According to Reuters, Gates told business leaders and politicians in Davos, Switzerland: "I'm stunned how people aren't seeing that with TV, in five years from now, people will laugh at what we've had."
Is it any wonder that the world's richest man is author of a book called "The Road Ahead?"
I don't think so. Especially when you look at the way the world's second richest man, Warren Buffett, also thinks about business.
If we were to sum up his strategy in a few words - paraphrasing - it would be:
"I buy companies, and I plan never to sell them."
Long-term thinking. If it's good enough for number one and number two, isn't it good enough for me and you?
One of my favorite books is called "All The Time You Need," by Robert R. Updegraff. It's out of print but well worth hunting down.
In it, he talks about a conversation with an airline pilot, who told him:
"If every motorist would take up flying, he would be a much safer automobile driver because he would learn to drive farther ahead.
"You see, in an airplane you are obliged to watch and plan way ahead because you can't suddenly put on the brakes and come to a stop.
"If you drive a car with as much concern over what is happening down the block, or within the next quarter mile, as if you could not suddenly put on the brakes, you will seldom get in a tight fix and have to jam on the brakes."
Slightly antiquated language, but totally sound advice.
Updegraff goes on to say himself:
Since I began my study of time-use I have been shocked at how many otherwise able and intelligent people throw away hours and days, and even weeks, of their time because they do not plan ahead.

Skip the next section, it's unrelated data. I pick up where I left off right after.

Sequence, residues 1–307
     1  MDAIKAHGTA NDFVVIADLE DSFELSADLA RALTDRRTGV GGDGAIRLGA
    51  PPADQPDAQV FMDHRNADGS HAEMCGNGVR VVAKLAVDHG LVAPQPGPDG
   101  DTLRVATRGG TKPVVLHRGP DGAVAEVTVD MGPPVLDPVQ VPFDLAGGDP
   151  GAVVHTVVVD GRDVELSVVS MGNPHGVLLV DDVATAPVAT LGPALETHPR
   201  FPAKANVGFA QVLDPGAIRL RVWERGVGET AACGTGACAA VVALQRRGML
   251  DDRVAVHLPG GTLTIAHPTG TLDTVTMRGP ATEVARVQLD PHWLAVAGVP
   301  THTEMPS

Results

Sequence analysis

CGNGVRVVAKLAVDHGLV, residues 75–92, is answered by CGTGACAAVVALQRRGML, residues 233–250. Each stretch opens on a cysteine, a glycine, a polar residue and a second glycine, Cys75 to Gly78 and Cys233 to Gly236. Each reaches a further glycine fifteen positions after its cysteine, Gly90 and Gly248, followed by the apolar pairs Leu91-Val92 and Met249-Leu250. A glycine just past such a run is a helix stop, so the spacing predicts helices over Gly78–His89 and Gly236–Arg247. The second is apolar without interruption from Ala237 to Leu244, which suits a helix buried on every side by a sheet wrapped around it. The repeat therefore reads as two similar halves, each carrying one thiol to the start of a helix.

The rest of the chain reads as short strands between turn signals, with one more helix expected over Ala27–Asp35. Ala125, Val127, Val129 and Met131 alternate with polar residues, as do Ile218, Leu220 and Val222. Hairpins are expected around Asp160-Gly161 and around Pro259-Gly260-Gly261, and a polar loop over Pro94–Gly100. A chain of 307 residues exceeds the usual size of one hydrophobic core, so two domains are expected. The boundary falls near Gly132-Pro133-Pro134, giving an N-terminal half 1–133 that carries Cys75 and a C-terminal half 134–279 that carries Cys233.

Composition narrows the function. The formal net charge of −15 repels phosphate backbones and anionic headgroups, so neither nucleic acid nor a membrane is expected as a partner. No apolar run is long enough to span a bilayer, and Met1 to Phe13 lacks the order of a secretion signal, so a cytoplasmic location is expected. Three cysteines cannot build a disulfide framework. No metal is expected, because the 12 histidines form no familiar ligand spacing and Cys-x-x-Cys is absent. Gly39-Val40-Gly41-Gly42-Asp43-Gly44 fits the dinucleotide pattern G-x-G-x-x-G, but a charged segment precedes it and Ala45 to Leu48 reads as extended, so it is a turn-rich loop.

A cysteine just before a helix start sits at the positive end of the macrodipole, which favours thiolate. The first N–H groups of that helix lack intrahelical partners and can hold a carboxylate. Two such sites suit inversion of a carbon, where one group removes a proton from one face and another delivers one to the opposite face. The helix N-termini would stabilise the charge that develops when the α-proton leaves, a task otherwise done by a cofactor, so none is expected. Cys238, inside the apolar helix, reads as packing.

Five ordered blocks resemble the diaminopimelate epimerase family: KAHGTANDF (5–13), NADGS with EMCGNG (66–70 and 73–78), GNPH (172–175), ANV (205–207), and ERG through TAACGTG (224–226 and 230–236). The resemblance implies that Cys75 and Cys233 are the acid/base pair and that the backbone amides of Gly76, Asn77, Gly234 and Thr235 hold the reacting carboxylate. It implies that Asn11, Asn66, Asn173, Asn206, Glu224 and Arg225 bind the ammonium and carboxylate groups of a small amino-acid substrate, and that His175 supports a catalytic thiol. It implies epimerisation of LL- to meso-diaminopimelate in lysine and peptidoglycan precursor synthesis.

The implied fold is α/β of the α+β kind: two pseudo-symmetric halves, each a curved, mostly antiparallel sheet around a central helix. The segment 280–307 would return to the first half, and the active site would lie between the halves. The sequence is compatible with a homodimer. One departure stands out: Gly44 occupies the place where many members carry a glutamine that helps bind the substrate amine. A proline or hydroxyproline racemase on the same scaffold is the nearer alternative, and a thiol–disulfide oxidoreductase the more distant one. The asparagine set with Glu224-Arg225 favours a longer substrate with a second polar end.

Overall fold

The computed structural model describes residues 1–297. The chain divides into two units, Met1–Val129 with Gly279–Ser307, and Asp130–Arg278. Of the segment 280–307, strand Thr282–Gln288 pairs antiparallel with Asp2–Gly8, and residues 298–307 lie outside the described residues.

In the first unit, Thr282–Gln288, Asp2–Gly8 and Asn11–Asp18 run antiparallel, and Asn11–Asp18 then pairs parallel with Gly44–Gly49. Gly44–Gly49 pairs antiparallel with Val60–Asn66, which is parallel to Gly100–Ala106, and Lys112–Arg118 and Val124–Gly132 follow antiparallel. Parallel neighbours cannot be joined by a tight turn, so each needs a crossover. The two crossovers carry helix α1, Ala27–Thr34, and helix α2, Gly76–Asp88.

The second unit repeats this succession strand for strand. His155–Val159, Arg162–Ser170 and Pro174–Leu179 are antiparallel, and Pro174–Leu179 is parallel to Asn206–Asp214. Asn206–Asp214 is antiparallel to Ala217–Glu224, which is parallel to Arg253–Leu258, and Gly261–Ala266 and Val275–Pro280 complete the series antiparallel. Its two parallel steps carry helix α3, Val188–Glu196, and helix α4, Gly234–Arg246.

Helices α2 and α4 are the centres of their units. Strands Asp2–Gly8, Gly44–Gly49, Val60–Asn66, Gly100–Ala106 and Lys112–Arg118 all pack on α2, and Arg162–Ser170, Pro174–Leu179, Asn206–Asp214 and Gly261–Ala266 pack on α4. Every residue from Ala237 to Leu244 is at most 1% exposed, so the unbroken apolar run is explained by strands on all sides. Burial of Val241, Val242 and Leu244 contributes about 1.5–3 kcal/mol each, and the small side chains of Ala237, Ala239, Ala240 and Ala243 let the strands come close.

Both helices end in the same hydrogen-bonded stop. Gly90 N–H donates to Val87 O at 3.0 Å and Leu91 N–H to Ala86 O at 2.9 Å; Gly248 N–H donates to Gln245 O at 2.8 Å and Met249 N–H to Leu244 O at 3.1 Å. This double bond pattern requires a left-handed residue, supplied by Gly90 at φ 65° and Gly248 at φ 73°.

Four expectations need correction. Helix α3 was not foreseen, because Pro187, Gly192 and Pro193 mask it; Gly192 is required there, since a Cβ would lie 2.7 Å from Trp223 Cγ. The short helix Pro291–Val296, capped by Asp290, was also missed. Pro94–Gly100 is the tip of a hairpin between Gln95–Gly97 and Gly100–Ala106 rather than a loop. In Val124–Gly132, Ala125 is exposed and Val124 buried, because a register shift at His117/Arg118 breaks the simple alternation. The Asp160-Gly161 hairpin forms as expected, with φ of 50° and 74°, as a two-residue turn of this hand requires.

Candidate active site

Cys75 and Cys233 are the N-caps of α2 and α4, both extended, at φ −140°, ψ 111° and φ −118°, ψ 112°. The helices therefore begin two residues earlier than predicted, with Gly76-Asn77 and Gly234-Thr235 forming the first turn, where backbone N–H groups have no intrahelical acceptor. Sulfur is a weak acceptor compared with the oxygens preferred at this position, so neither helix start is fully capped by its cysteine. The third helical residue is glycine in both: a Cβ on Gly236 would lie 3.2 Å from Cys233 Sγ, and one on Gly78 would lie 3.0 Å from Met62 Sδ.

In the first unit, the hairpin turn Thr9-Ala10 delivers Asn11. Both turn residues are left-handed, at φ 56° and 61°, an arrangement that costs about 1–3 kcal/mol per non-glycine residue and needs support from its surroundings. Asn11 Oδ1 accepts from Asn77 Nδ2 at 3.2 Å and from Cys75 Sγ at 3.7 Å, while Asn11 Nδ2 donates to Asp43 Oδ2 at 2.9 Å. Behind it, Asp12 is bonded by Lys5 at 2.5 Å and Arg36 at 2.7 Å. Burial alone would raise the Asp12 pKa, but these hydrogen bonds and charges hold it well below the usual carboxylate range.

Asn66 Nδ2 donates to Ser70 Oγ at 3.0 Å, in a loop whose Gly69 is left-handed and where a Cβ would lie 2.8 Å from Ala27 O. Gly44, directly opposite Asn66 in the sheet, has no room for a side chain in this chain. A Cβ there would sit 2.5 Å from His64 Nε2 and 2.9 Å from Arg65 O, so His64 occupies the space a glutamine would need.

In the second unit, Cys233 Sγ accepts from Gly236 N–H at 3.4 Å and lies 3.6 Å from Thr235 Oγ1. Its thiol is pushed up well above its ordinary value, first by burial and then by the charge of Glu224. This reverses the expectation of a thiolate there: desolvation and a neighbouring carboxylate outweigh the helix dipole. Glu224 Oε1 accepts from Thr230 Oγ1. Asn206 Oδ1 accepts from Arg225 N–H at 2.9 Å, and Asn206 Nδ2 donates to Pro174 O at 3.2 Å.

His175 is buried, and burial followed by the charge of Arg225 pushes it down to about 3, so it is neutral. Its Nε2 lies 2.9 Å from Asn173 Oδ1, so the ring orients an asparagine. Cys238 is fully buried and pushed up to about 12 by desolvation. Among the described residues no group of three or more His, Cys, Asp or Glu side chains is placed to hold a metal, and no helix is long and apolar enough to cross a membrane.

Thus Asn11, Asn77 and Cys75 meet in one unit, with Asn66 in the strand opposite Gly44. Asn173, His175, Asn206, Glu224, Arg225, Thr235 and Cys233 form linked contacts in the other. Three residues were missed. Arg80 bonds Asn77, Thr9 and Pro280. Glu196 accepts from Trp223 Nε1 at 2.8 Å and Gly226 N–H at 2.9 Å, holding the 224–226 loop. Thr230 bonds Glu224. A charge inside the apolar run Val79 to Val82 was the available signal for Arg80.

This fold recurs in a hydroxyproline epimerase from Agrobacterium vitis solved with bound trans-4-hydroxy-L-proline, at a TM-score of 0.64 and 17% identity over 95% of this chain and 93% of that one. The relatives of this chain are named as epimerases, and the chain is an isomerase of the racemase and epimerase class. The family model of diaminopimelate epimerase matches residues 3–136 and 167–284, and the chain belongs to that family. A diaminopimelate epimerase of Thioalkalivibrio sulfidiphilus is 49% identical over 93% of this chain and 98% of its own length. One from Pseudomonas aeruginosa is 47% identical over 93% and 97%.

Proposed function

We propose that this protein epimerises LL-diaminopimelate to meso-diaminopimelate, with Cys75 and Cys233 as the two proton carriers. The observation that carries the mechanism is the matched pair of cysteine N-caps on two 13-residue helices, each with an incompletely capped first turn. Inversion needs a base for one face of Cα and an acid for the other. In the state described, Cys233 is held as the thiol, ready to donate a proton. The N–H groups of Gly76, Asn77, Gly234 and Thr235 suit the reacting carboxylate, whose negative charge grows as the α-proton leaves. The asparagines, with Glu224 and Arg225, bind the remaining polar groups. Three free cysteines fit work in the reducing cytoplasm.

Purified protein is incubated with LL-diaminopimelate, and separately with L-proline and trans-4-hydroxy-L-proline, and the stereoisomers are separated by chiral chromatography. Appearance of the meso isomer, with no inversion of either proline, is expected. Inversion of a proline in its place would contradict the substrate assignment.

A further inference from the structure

But what about marketers? Entrepreneurs? Copywriters?
We of the "Ready... Fire!... Aim" school of life -- and I confess I fall prey to the sweet siren song of this school more often than would serve me best -- we seldom plan the next steps after the current object of focus nearly as much as we should.
My friend Harlan Kilstein tells of a sneak peak he had inside the Florida home of John Reese, a universally acclaimed top strategic thinker of entrepreneurial Internet marketing. Reese has a "war room" where he has plans for the next 18 months whiteboarded up on special wallpaper you can write on with markers.
The next 18 months. Not just the next 18 minutes!
In case you've been wondering where I'm going with this, here it is:
Today my friend Ben Mack is launching a book with the extraordinarily relevant title of "Think Two Products Ahead." His premise is that financial freedom, and indeed great wealth, come from planning a residual income stream from each sale you make.
That is... thinking about the next sale... and the sale after that... before you make your initial sale.
Long-term thinking. Of the entrepreneurial kind.
One of those simple, "duh" ideas that could be worth millions of dollars to you. So,
I'd like to recommend the book to you... check it out on Amazon at ...
And if you'd like to see the very clever Amazon promotion Ben's doing to make the book a bestseller, go to
(You can also get a couple of neat bonuses from that link after you buy the book from Amazon, and submit your receipt number.)
It was shaving maven King Gillette who coined the concept of giving the razor away for free, and selling the customer blades... how long... forever?
If you're not doing that in your business, either plan to keep working for a long, long time... or, take a peek at what Ben has to say.
Publisher, World Copywriting Newsletter